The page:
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Neuron. 1993 Jul;11(1):123-32.

Origin of the chloride current in olfactory transduction.

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Department of Anatomy and Cell Biology, University of Cincinnati, Ohio 45267-0521.


In the cilia of amphibian olfactory receptor neurons, odorants elicit a receptor current that has two components: a cationic current through cAMP-gated channels and a Cl- current. Here, a cascade of ciliary currents that accounts for the total receptor current is demonstrated. In isolated olfactory cilia, cAMP sequentially activates two currents. The first is a primary cationic current through channels directly gated by cAMP. Part of this current is carried by Ca2+, which in turn activates a Cl- current. This secondary current is eliminated by the presence of Cl- channel inhibitors, replacement of Cl- with methanesulfonate-, removal of external Ca2+, or blockers of the cAMP-gated cationic channels. When cytoplasmic Ca2+ buffering is low, small cationic currents can activate Cl- currents that are 20 times larger.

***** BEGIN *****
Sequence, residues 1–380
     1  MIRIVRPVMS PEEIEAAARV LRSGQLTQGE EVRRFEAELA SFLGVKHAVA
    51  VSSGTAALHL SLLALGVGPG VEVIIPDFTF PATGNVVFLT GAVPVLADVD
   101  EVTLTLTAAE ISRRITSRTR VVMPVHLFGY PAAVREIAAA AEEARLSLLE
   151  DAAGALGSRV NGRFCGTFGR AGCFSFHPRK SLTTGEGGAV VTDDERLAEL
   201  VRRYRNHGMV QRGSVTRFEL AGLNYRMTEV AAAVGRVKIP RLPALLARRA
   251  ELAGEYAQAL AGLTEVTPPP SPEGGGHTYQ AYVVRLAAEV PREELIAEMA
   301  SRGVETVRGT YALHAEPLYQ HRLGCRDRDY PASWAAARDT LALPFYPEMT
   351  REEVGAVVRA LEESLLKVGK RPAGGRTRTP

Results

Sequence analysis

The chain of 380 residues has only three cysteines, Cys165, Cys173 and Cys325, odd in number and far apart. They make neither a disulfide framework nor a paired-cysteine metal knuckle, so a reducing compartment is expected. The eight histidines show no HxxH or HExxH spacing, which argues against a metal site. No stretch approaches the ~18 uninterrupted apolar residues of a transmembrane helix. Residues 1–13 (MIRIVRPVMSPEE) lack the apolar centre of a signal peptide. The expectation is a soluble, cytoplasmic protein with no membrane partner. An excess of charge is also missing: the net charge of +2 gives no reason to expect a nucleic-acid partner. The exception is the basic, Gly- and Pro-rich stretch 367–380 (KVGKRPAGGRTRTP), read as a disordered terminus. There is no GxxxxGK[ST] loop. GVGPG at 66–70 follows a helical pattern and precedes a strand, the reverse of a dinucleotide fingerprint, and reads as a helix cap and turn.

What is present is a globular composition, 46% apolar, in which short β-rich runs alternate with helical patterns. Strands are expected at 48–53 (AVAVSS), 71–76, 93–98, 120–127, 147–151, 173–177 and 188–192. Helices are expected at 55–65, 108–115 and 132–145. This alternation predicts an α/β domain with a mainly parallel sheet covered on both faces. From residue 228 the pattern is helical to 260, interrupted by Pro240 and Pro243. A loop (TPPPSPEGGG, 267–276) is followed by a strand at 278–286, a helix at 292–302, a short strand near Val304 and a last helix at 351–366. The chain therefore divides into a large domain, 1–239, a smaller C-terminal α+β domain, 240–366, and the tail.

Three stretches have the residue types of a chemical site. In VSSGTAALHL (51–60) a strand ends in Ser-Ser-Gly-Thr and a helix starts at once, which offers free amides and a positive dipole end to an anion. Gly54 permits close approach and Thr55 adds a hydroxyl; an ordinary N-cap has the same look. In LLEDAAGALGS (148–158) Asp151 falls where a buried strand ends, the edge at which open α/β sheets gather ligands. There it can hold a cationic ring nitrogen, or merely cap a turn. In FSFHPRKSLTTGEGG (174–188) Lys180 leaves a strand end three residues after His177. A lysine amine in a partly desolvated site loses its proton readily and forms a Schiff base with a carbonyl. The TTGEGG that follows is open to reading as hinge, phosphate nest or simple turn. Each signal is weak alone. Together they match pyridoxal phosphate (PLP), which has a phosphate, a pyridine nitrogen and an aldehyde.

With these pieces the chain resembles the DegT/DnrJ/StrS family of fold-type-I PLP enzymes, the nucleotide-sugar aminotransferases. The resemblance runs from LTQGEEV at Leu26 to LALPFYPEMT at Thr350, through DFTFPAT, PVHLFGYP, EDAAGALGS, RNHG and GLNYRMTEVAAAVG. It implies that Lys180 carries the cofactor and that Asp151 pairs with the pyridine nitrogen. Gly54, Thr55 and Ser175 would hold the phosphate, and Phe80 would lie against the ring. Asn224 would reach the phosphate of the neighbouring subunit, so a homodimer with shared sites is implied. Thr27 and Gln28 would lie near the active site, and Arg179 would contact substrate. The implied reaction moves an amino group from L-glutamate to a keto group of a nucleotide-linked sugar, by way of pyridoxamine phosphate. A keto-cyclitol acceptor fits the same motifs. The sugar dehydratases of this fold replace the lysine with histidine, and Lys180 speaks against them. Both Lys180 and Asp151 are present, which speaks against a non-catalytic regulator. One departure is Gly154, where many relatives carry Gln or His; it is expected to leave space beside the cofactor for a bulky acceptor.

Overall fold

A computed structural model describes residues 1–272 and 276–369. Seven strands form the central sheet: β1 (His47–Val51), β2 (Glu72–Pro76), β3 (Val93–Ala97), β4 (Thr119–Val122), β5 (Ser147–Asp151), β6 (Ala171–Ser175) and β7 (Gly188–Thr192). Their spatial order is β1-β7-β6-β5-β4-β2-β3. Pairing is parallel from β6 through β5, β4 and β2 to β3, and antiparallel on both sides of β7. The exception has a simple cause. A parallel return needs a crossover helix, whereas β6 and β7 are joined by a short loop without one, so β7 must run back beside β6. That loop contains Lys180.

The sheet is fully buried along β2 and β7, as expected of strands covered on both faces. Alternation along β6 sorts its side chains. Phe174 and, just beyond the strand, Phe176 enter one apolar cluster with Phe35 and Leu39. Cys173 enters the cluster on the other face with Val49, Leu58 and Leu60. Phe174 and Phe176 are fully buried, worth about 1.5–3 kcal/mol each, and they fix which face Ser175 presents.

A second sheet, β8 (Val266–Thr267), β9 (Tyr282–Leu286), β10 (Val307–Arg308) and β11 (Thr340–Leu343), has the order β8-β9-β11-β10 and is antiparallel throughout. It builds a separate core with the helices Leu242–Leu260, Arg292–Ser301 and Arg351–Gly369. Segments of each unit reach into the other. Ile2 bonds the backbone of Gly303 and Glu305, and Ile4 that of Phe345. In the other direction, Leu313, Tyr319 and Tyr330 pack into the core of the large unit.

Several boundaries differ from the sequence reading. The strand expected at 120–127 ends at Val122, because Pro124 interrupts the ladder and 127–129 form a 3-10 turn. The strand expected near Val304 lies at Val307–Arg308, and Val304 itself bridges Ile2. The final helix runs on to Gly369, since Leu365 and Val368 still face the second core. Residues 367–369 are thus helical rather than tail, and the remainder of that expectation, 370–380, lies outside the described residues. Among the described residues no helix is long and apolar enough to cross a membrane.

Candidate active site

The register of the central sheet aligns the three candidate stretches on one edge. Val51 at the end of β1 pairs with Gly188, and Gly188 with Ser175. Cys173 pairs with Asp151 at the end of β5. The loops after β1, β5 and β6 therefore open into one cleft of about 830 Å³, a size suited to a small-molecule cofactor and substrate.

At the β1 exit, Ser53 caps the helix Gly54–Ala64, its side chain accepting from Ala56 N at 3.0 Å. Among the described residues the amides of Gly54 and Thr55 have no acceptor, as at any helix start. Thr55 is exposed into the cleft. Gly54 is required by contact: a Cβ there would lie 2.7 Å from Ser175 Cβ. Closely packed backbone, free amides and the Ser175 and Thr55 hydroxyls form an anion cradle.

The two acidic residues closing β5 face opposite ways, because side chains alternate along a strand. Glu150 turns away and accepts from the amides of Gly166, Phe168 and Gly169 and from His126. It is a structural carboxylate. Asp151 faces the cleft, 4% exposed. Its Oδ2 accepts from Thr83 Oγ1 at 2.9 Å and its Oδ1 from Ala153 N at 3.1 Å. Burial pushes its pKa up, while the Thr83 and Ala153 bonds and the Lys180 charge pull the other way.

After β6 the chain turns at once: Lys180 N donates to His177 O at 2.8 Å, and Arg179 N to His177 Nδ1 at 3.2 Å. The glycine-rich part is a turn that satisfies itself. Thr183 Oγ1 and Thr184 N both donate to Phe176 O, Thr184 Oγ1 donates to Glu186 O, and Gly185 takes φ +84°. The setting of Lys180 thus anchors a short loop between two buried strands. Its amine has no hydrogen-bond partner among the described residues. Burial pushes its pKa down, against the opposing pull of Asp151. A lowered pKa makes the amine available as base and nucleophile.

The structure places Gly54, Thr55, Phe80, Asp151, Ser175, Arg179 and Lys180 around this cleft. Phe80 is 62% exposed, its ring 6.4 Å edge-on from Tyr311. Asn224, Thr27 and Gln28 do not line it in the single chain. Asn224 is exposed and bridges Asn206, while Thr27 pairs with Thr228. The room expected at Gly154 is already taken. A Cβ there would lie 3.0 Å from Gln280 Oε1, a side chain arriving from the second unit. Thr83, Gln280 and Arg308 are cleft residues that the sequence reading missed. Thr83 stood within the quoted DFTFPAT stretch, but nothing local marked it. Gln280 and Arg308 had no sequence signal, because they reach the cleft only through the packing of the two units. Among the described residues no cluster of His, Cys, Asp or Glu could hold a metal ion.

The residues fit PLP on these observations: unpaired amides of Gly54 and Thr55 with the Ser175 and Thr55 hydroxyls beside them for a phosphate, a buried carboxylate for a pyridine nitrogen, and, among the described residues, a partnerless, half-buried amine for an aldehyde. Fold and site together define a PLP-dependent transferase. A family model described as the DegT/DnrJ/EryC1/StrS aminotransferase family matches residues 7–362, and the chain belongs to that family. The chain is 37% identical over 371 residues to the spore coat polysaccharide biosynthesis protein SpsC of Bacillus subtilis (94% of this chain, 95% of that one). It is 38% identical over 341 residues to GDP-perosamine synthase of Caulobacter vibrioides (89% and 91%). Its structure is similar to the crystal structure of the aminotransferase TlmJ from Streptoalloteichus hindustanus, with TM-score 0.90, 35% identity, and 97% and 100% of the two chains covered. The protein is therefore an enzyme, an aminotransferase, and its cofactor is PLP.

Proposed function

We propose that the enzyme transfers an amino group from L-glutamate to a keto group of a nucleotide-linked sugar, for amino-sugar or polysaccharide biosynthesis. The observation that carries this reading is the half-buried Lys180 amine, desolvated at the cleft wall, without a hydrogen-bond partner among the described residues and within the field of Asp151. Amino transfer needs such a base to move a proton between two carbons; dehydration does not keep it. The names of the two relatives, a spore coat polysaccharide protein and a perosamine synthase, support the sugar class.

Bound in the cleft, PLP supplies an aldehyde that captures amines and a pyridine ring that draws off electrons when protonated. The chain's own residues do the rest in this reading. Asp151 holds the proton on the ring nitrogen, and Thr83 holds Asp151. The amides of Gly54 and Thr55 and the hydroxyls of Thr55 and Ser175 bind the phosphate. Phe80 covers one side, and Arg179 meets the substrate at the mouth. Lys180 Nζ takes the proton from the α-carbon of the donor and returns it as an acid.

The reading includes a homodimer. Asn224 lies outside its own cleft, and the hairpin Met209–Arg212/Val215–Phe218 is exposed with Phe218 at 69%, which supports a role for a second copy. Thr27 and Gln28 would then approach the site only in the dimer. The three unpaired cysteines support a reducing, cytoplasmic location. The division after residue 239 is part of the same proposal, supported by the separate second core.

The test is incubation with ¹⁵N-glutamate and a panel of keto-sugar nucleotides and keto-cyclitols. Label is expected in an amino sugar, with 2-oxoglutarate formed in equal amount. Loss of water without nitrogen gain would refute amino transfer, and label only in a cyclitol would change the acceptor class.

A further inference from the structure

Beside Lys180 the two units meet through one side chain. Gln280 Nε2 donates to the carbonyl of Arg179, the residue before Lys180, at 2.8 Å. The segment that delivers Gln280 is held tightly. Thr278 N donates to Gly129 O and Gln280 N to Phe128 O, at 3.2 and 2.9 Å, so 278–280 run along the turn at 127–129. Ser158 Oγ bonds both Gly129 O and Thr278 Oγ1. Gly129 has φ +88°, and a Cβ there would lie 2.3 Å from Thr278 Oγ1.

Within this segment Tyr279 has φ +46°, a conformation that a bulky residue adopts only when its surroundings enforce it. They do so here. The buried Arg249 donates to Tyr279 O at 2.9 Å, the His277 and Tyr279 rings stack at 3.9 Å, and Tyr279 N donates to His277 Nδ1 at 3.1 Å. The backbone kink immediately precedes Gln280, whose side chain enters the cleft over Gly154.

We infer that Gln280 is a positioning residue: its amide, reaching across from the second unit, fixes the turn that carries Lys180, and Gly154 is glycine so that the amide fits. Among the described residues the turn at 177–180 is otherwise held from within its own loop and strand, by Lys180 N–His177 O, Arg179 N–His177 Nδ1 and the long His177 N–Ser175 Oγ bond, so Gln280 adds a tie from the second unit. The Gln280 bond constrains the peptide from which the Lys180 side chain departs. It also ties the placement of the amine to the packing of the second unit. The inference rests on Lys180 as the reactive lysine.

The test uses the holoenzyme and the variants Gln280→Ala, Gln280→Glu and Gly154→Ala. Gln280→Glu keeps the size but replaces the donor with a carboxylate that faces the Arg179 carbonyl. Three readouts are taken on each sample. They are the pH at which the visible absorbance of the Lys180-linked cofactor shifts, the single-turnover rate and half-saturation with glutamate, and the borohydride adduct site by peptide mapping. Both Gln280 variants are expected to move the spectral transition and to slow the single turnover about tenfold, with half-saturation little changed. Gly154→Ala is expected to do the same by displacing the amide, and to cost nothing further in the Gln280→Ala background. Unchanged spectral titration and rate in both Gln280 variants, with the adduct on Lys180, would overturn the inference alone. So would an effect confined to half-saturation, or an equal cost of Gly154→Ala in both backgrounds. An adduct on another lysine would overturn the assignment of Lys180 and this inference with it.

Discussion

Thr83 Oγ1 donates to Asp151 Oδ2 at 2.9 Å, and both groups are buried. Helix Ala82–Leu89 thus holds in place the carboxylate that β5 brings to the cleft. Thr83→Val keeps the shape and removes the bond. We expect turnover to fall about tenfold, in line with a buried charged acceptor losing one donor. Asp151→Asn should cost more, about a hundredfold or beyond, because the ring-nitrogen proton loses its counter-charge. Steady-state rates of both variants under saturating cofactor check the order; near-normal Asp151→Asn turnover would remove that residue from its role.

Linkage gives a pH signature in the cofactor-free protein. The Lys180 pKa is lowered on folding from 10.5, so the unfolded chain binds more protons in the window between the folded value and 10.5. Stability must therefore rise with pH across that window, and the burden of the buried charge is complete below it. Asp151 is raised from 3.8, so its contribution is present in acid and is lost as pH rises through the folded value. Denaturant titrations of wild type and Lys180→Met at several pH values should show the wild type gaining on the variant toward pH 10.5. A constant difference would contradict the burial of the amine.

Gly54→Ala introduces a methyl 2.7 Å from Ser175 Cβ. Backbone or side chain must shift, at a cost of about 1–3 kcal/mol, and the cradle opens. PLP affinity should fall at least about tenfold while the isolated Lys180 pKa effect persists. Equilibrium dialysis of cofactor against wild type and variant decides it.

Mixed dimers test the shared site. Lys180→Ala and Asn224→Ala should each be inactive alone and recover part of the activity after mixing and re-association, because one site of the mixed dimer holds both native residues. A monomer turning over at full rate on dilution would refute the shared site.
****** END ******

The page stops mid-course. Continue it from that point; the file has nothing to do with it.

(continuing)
[Indexed for MEDLINE]

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